Technologies that telecom operators hoped would frame their transformation in the year 2019, namely network functions, virtualization, 5G and IoT are moving at an extremely slow pace, while buyers' requirements are changing rapidly. Very few industries are confronted with the sheer number of transformations that network operators are facing and it is these changes that will dominate telecom trends in 2019.
Operators have been informed for more than a decade that internet and over-the-top (OTT) services could thwart telecom service providers from new revenue opportunities. However what is worse is that while new services increase network traffic, stiff competition prevents operators from charging for services on a usage-based model. Consequently, while consumers want a lot of what the new technology promises, operators seem to have problems getting a piece of it.
The most important change in telecom trends for operators to face is a significant technology shift to accommodate enormous market changes, which is not expected to happen this year. A large number of CTOs had been hoping for the widespread impact of NFV, rapid adoption of new 5G mobile services and increased revenue from IoT connections. However, none of these seems to be just around the corner. Instead, operators have to plan for a buyer-side revolution and focus on technologies that best support the buyer influences likely to develop this year:
5G focus shifts to fixed broadband: 5G hybrids with fiber to the node(FTTN) is the strongest technology arrow for operators in 2019. It is already demonstrating that it can literally revolutionize fixed broadband services by radically lowering costs and speeding new deployments. Mobile 5G may enable new applications, but it does not promise an increase in buyers' willingness to pay higher prices for mobile services. Also, operators can expect to reach about 80% of their customers with at least 75 Mbps broadband, while fiber to the home can reach only a quarter of that profitably.
With 5G FTTN, telcos that have previously relied on DSL to provide home and small-business broadband can now expect to have a profitable, competitive and higher-speed alternative. 5G FTTN makes fixed broadband internet potentially profitable in itself, particularly for operators whose service areas have a large home and business density. Customers have also demonstrated a willingness to pay for broadband beyond DSL rates, so a 5G-FTTN hybrid service promises higher revenue when mobile services are competitively capped at unlimited usage. This shifts the 5G focus from mobile to fixed broadband.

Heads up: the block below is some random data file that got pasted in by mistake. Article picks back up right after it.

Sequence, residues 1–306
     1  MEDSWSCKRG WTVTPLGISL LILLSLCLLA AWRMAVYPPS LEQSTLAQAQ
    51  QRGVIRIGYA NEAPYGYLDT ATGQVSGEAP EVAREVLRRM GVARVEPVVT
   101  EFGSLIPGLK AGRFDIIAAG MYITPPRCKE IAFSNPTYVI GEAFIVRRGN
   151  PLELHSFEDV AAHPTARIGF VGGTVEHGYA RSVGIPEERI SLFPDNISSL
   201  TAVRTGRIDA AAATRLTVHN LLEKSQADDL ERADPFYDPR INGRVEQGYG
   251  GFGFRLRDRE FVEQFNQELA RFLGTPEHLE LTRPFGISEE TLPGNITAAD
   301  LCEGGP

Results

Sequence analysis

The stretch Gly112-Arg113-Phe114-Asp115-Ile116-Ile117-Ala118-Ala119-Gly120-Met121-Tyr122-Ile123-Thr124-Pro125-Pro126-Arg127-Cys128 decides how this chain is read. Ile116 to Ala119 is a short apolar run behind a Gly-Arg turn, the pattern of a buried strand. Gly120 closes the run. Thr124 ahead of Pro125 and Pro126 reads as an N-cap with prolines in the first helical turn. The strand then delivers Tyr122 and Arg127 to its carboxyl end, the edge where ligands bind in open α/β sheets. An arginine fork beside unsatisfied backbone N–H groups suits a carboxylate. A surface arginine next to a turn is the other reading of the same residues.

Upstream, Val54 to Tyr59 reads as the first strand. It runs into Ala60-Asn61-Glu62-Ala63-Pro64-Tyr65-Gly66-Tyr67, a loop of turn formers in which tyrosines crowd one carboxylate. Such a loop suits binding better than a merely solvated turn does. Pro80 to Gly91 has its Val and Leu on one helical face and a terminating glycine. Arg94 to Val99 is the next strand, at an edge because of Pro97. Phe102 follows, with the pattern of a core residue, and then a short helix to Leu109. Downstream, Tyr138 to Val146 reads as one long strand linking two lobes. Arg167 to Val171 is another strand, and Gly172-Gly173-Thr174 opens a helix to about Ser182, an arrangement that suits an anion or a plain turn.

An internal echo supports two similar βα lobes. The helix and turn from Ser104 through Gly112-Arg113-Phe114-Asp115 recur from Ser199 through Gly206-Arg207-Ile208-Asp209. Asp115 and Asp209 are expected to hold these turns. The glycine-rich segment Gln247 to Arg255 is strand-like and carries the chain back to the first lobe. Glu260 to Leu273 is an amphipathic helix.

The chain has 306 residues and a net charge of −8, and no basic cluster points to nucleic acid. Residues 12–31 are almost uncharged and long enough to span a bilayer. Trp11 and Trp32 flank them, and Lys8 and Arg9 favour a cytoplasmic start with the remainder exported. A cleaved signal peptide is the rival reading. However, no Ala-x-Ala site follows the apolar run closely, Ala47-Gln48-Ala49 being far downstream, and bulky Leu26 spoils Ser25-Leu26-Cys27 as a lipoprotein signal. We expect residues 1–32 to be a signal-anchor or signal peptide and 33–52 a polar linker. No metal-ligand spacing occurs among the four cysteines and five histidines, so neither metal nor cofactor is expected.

5G FTTN drives streaming video services: Mobile users' appetite for video-on-the-run quickly created a video market to supplement linear home video delivery, but the same consumers are now increasingly moving towards streaming at home. 5G FTTN can deliver streaming video but not linear video and, therefore, commits operators to stream.
Large-scale streaming video to both mobile and fixed locations implies video and ad caching become crucial. The most convincing early opportunity for edge computing and carrier cloud is in caching video and ads and applying user demographics to make ad selections. This application gives operators a chance to create profitable edge-hosted OTT services of their own because operators have available space in central offices worldwide that could be quickly exploited in these video-related applications. Others would face massive real estate and connectivity issues to match operator capabilities.
However, the operators face a big challenge wherein the complexity of the operations is concerned. Services created from dynamic hosted features are inherently more complex than services created by purpose-built devices. Operators' initial NFV foray into hosted features failed to address this concern. We can thus conclude that this year operators face a pivotal choice to continue to open source projects using the network-device-based approach of the past. If so, the carrier cloud will have to adopt the cloud computing industry's model of application development, deployment and lifecycle management, because device-centric practices cannot be adapted to the cloud without losing all of the cloud's dynamic benefits.
The separation of network and cloud would mean operators could provide OTT features and services only through separate subsidiaries, and their core business would become a low-margin connectivity game.
Operators need IoT smart facility service model: Till date, operators have looked at IoT opportunity purely in terms of the revenue they might gain from connecting new devices to 5G mobile services. But recent studies indicate that operators will have to focus on services to process IoT events and create consumer value to generate new revenue.
Smart homes, buildings, and cities are the realistic frameworks for IoT adoption, and all these depend more on an IoT service model than on 5G or cellular connectivity. Players like Amazon, Apple, Google, and Ring are all looking at facility security and control, including personal assistants that integrate these traditional IoT applications with entertainment, communications, and lifestyle overall. Every step taken by these players creates a new OTT threat by fulfilling the most essential pieces of smart-facility opportunity before operators even get started.
The bottom line for telecom operators is that to succeed in IoT, they need to radically advance their thought process to look beyond connection revenue to see the value points and ensure network operators have offerings that directly address those value points.